Perhaps the two most famous tunes by George Thomas today are "The Rocks" and "The Fives", because the titles of these two tunes reportedly became associated with specific left hand boogie-woogie patterns among Chicago pianists, though those particular patterns do not appear in the original versions of Thomas’s publications. Nonetheless, by all accounts these two tunes were highly influential among the young blues pianists in Chicago in the early 1920s. George copyrighted "The Fives" as an unpublished composition on 9 December 1921 (copyright deposition p. 1, p. 2, and 3), giving composer credit to his young brother Hersal and himself, and credit for the lyric to himself. It seems unlikely that Hersal had moved to Chicago by this date, as probably that did not occur until after Fannie’s death. Hence Hersal and George may have collaborated on this tune during a visit by one brother to the other’s home. The left hand part is a mixture of different patterns, rather than the consistent use of a single figure that became the norm in later boogie-woogie. A comparison between the manuscript deposited to establish the copyright and the version George published the next year shows a number of interesting differences. The phrases in the chorus have been extended by three bars so that the chorus consists of a repeated 11 bar structure, instead of the more usual 8 bars of the manuscript version. Also, the rhythm of the main figure in the chorus has been changed in an important way. The W.W. Kimball Co. of Chicago issued a piano roll of "The Fives" without a credited player; the roll was based closely on the published version of the tune (not the manuscript version). The noted piano roll authority Mike Montgomery speculates that Thomas might have commissioned Kimball to issue the rolls of his tunes (the cover pages of the published "Fives" and of "The Rocks" both state "Player Piano Rolls and Records Ready"), and given the roll arranger the published sheet to work from. However, the roll of "The Fives" includes an interlude between literal repetitions of the verse and chorus that is not in the published sheet music. In fact, this unpublished section sounds more like what would soon be called "boogie woogie" than the published part of the tune. It is quite likely that George wrote this section out for the roll arranger, as George included a similar instrumental interlude in the published version of "Shorty George Blues", marked "This Dance Part can be omitted. But if you Play it, it will be interesting"! In fact, the latter half of the interlude in the "Fives" roll is almost identical to the chorus of "Shorty George". Though the Kimball company listed these rolls of Thomas tunes in their catalog, they are exceedingly rare, and in fact Montgomery never found a copy of the Kimball roll of the other George Thomas hit "The Rocks" (1922). However, upon publication of this essay, it emerged that the New Zealand roll collector Robert Perry has a copy of this Kimball roll in his collection!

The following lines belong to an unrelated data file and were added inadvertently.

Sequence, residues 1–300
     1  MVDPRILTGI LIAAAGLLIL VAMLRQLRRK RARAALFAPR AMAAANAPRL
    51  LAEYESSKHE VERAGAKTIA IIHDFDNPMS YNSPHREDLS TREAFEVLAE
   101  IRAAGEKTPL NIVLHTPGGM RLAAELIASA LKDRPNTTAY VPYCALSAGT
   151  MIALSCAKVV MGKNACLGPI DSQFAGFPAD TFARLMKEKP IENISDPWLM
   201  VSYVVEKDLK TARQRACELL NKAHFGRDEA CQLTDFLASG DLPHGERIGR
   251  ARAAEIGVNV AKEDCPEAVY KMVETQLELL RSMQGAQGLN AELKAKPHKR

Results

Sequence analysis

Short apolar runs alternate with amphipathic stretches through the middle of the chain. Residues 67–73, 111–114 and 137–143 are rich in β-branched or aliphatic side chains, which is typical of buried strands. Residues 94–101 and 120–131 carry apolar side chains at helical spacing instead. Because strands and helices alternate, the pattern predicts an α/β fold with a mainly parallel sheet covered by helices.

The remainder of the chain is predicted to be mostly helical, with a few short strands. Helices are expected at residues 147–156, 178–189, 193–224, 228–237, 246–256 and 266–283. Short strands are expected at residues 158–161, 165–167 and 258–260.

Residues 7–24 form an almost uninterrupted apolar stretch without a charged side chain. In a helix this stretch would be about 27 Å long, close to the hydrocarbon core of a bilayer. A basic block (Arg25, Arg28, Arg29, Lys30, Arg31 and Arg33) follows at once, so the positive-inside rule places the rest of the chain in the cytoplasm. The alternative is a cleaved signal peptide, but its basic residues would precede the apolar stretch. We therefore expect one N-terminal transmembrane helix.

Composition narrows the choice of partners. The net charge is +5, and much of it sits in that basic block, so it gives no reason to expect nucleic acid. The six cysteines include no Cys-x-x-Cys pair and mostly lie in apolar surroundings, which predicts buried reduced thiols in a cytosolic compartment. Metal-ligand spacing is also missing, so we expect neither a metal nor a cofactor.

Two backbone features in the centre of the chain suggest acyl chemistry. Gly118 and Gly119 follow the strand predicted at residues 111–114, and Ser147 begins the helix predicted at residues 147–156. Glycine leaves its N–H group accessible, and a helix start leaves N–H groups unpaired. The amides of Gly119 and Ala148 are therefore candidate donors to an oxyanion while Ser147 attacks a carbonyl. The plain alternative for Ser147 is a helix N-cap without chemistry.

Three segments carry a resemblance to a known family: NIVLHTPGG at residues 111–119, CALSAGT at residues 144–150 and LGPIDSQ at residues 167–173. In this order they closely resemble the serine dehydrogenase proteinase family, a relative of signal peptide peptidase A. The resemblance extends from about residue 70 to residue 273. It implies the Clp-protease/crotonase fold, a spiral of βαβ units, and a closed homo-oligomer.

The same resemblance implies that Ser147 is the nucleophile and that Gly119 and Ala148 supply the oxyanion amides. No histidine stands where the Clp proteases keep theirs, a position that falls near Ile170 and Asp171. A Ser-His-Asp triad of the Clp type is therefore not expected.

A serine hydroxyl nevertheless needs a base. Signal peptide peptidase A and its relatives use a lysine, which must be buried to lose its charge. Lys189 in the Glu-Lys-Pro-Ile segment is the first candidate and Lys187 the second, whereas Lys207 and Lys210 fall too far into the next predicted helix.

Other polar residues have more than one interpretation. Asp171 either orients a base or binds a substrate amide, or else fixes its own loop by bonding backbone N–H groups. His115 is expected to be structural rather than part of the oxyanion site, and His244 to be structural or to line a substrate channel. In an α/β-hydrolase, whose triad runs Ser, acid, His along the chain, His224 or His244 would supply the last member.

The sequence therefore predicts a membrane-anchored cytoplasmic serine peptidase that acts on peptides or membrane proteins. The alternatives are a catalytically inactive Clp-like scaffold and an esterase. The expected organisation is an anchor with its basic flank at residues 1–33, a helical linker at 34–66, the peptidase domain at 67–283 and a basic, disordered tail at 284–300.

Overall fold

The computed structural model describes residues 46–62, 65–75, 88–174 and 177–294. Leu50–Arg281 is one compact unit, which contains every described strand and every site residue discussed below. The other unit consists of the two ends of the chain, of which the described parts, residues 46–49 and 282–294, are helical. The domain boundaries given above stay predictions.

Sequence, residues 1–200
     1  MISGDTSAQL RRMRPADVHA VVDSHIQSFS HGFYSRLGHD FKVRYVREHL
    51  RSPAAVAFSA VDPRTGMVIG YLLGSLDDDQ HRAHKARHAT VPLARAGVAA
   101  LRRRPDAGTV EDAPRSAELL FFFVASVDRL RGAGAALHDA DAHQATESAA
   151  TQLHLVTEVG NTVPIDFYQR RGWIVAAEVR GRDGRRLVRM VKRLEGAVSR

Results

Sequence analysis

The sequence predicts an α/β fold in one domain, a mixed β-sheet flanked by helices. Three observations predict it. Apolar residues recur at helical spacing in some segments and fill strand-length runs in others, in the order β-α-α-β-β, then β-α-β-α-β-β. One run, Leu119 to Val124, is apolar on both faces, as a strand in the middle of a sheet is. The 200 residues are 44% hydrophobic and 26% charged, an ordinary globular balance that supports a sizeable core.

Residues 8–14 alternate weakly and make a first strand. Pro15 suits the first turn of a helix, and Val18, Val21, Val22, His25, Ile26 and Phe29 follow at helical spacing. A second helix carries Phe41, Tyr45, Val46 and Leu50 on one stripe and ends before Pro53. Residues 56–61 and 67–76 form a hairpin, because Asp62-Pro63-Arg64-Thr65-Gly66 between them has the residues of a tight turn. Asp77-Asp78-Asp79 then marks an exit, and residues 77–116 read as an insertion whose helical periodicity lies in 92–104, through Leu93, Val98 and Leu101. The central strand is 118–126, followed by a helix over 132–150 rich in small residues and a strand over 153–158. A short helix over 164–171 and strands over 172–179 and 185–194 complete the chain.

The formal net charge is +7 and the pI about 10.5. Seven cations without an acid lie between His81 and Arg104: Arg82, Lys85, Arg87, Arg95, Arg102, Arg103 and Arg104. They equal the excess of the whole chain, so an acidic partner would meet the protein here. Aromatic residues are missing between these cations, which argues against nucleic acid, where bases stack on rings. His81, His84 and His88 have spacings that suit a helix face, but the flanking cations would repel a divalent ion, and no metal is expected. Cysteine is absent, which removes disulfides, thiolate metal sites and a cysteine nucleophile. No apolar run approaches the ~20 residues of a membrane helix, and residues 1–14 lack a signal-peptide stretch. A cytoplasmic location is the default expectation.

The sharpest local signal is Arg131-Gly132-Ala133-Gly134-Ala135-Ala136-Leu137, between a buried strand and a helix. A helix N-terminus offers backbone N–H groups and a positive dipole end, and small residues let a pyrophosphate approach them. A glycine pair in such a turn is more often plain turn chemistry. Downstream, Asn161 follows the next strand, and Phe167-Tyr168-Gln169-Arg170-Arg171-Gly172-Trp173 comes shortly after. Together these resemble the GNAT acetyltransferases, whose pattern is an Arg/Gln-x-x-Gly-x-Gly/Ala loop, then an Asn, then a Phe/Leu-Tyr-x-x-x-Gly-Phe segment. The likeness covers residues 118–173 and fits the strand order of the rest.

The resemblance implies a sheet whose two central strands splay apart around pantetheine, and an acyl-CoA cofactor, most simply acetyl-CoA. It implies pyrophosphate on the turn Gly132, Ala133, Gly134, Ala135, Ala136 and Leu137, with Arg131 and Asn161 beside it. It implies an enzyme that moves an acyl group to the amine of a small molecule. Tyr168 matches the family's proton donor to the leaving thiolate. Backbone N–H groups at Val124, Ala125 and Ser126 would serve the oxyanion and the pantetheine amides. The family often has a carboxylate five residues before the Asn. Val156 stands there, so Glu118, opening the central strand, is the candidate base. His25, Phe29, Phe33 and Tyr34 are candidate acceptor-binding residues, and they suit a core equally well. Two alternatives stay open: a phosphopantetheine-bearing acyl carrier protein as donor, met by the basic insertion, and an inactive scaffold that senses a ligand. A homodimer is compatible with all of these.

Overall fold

The essential riff of "The Fives" is closely related to the chorus of the traditional jazz tunes "Tin Roof Blues" (New Orleans Rhythm Kings) and "Jazzin’ Babies Blues" (Richard M. Jones). Though the first appearance of the latter two tunes on records is demonstrably later than the copyright of "The Fives", several sources claim that this was a riff used by New Orleans musicians well before these early twenties recordings. Perhaps we can conclude that the riff is a southern folk strain, rather like the relationships between "Buddy Bolden’s Blues" and "St. Louis Tickle", or between the main strains of "Wild Cherries Rag" (Ted Snyder), "Carolina Shout" (James P. Johnson), "Buddy’s Habit" (Charley Straight), "Little Rock Getaway" (Joe Sullivan), etc.